Long before his teammates came out to stretch for Tuesday night’s 12-4 win over the Pittsburgh Pirates, Bryce Harper was on the field at Nationals Park, just hitting. Daniel Murphy joined him, but even the most hitting-obsessed man around didn’t outlast Harper, who hit and hit and hit for more than a half-hour, peppering the second deck in right field with deep flyballs. He said later he wanted to remember what that felt like. He hadn’t homered in weeks.

The night before, and for days before that, Harper had looked frustrated with teams pitching around him and began swinging at pitches he wouldn’t normally hunt. Under different circumstances, a manager might give Harper a day off to reset while slumping like that, but Dave Martinez couldn’t afford such a move — not with so many players injured.

So Monday night, he called Harper into his office. Harper had not even finished changing and was shirtless at the time, still in his baseball pants when Martinez offered a proposal. What if he moved him to the leadoff spot? Harper assented, convinced by the same logic Martinez said convinced him to suggest the move in the first place.

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“I came to the conclusion,” said Martinez after watching his team struggle to score runs for weeks, “that why not?”

Perhaps it was change for change’s sake. But it worked. Not only did Harper break a 5-for-37 slump with his first home run in two weeks, but the Nationals’ offense exploded with him, scoring more runs in one night than it had in the previous three combined. Matt Adams homered twice. Trea Turner drove in three runs. The Nationals entered Tuesday having scored exactly three runs in three straight games and in five of their last eight. Even with a starting rotation as reliable as theirs, three runs per game is not the kind of scoring pace that facilitates a win streak.

For the first time all season, Max Scherzer took the mound following a win the night before — circumstances that do facilitate win streaks. He was dominant in 6⅓ innings in which he struck out eight and allowed three hits, including a late homer. He improved to 6-1, and the Nationals won their third straight to move within two games of .500 at 14-16. The last time they won three straight games was at the start of the season.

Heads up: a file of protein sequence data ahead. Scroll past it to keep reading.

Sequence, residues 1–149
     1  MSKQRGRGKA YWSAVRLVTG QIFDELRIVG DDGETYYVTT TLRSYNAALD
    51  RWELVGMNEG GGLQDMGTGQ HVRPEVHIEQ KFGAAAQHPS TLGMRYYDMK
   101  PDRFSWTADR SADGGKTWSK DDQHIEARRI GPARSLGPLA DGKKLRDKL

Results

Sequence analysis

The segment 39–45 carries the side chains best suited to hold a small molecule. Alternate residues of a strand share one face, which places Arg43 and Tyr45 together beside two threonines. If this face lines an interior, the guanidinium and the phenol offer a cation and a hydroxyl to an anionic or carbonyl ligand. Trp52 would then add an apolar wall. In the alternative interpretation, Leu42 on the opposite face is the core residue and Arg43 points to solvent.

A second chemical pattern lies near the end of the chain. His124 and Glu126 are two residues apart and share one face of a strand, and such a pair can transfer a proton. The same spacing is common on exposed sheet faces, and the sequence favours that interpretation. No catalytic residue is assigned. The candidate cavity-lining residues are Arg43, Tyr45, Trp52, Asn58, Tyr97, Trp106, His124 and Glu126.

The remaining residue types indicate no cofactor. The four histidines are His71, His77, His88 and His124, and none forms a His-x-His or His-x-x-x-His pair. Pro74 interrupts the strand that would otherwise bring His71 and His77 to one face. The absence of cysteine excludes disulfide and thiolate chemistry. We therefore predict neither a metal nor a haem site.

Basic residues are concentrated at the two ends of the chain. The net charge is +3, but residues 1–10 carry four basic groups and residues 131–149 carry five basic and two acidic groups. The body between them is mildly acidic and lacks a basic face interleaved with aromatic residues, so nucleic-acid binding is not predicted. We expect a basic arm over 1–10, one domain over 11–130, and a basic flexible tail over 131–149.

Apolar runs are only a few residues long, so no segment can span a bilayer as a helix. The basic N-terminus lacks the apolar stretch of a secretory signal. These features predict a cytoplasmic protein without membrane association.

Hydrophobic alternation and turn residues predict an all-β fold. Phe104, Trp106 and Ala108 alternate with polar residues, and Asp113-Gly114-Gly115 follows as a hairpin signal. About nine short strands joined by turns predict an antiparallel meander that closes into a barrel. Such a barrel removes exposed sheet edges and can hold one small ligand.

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As much as the offense needed Tuesday night’s outburst, the bullpen needed it more. Exhausted Nationals relievers — particularly Brandon Kintzler, Ryan Madson and Sean Doolittle — had been rooting for a blowout to ease their workload for weeks. They finally got one. Tuesday’s blowout will have ripple effects on that group for days.

“It was awesome,” Martinez said. “We get to rest our big three a little bit.”

Martinez moved Harper to the top of the order despite the fact that he had not hit there since 2013, though he did have a 1.007 on-base-plus-slugging percentage there in 17 career games. In addition to moving Harper to the leadoff spot, Martinez chose to hit Scherzer eighth, putting Wilmer Difo in the ninth spot. Before the game, he told Difo his job was to get on base. Difo homered in his first at-bat. Then he told his manager “I got this guy,” offering the confident suggestion that Martinez could chuck the “getting on base” advice out the window and start expecting more homers.

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“I said, ‘Great, good job,’ ” Martinez said with a smile, as if his toddler had just declared he would be president someday, or something like that. “Yeah, he had a good day. It’s hard not to like Difo.”

Difo ended up reaching base four times in four plate appearances, following that homer with two walks and a single that meant Harper came to bat with runners on repeatedly.

Harper homered after Scherzer reached on an error and Difo walked in the fifth, by which time Matt Adams had hit his first home run of the game to give the Nationals a 2-0 lead. He would hit another, then single home a run later. But at the time Harper walked to the plate in that fifth inning, the Nationals still looked doomed for another white-knuckle evening.

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The Pirates had a base open if they wished to fill it with him, but they decided against it. Harper hit a towering home run to left center, his first since April 16, his ninth of the season. High-fives chased him from the on-deck circle to the dugout stairs, but when he got to the bottom, he found Martinez waiting with a hug.

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“I think it all starts in that manager’s office every night. He believes in our team. He believes in us as a group, and we believe in him as well,” Harper said. “He’s one of the best managers I’ve ever been around.”

An inning later, the Nationals exploded for six more runs. Scherzer singled home a run. Turner, Martinez’s latest attempt at protecting Harper, doubled home three. Adams finished 3 for 4 with three RBI. Their previous home scoring high was six. They doubled it.

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Harper won’t lead off forever. Ideally, when Anthony Rendon returns and Harper finds his stride, Martinez could slide him into the second spot. But when asked if he would consider leading Harper off again, Martinez chuckled.

“We’ll let it ride for a couple days,” he said. After a night like this, he finally felt no need to tinker.

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